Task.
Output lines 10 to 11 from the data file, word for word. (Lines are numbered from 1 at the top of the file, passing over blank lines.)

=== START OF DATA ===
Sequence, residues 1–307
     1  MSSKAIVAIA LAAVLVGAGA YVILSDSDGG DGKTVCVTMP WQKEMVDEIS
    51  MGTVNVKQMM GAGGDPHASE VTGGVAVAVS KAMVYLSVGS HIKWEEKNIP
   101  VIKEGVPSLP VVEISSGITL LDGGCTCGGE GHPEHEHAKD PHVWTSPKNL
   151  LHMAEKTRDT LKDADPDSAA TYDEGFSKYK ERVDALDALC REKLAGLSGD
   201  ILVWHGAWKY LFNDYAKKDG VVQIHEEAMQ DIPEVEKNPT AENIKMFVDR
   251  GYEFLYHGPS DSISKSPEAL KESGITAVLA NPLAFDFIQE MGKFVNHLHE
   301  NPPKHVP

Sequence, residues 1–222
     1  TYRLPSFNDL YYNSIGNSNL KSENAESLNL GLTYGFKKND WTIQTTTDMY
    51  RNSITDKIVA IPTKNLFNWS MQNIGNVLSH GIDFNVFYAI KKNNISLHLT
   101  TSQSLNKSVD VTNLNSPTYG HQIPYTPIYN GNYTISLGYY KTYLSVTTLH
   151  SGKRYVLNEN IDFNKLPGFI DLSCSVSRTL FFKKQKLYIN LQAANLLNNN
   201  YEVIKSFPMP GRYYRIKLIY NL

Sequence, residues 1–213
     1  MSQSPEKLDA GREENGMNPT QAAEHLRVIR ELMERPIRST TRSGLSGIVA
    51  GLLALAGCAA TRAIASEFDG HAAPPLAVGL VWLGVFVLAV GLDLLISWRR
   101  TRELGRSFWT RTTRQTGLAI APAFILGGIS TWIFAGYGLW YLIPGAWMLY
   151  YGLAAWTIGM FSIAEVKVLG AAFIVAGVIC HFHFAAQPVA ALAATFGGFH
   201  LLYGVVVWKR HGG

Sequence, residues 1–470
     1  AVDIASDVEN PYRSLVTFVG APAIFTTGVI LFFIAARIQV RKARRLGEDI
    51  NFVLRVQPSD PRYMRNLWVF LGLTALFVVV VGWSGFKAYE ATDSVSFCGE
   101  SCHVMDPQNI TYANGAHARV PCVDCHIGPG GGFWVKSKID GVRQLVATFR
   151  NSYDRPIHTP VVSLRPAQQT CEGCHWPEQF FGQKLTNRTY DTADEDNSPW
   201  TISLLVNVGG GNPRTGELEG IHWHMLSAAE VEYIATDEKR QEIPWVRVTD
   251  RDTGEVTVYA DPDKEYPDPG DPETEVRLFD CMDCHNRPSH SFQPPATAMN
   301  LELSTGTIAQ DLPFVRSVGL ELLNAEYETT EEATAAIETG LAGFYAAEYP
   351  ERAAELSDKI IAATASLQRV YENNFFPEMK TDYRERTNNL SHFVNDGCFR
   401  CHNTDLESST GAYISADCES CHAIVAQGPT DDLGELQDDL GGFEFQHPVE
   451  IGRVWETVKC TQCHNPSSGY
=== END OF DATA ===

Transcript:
     1  TYRLPSFNDL YYNSIGNSNL KSENAESLNL GLTYGFKKND WTIQTTTDMY
    51  RNSITDKIVA IPTKNLFNWS MQNIGNVLSH GIDFNVFYAI KKNNISLHLT